Whether it's a conversation with a friend, a word that is penned, or a craft that is made, everything we do leaves a stitch in the fabric of time. Join us as we investigate the stitches of the past and present...
"To every thing there is a season, and a time to every purpose under the heaven: ... a time to rend, and a time to sew; a time to keep silence, and a time to speak" (Ecclesiastes 3:1, 7).
Ruth Brown, the main character in my stories, is a small
town reporter in New Hampshire who signs up with the Associated Press (AP) to
cover World War II in Europe. Why didn’t I have Ruth join the United Press
Associations (UP)? To be honest I simply picked one, thinking it didn’t matter.
Now that I’ve researched both organizations, I realize how very different they
By the time WWII began, the AP was nearly 100 years old
having been started by five New York City newspapers in 1846. Prior to that,
news was delivered through the United States Postal Service. With the Mexican
War in full swing, the AP needed a faster system. As a result the five
newspapers joined together to fund a pony express route through Alabama.
Mark Kellogg, AP reporter who died with Custer
Time passed, and the AP took advantage of new technology as
it was invented. First the railroad then telegraph and teletype, followed by wire
then radio. In 2005, the AP created a digital database that according to their
website has “allowed the agency to deliver news instantly…nearly as quickly as
the news itself unfolds.”
On the other hand, United Press Association was an upstart
in the early days of WWII. Founded in 1907 it was just over thirty years old at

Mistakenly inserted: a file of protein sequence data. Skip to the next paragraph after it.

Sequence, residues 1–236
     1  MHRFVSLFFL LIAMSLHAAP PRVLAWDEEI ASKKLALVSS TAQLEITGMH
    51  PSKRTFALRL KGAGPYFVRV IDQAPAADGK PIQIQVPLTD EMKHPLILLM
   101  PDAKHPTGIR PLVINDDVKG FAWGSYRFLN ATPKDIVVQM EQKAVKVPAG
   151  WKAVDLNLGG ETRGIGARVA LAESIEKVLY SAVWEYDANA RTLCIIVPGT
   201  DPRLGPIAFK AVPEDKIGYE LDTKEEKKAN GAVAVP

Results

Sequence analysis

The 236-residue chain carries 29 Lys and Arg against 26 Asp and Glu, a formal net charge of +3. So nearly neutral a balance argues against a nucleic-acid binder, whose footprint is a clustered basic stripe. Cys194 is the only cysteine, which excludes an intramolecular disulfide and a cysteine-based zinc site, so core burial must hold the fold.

the start of the war. The founder, E.W. Scripps, began UP in an effort to break
the AP monopoly on the U.S. news dissemination industry. UP had fewer resources,
so armed itself with a “we try harder attitude” and reporters who would do just
about anything to get the story. UP reporters were called “Unipressers” and
were known for being highly competitive. With no formal training program,
journalists were expected to “sink or swim” on their own.
In 1935, UP became the first major news service to supply
news to radio stations, beating out AP by several years. The organization grew
through WWII, and in 1952 acquired Acme News pictures which enabled them to
offer news picture services. During its heyday, UP had more than 6,000
employees and over 6,200 subscribers.
In 1958, UP merged with International News to become United
Press International, however the company did not fare well during the rise of
television and struggled to maintain its market. A series of owners and two
bankruptcy filings have taken their toll on the organization. As of 2007, UPI
no longer has a White House correspondent or UN coverage, instead focusing expanding operations in the Middle East,
Central Asia and Africa, and reporting on security threats, intelligence and
energy issues. Now, located in only six major cities, the UPI website cites its
use of “lay reporters, photographers and videographers, and a plethora of
sources to publish and receive information.”
As a scrappy,
young “newshound,” Ruth may find the United Press Associations more to her
liking. What do you think?
A freelance writer for over ten years, Linda Matchett
also writes historical fiction. She is currently seeking a publisher for her
series about war correspondent Ruth Brown. Visit her at www.LindaShentonMatchett.com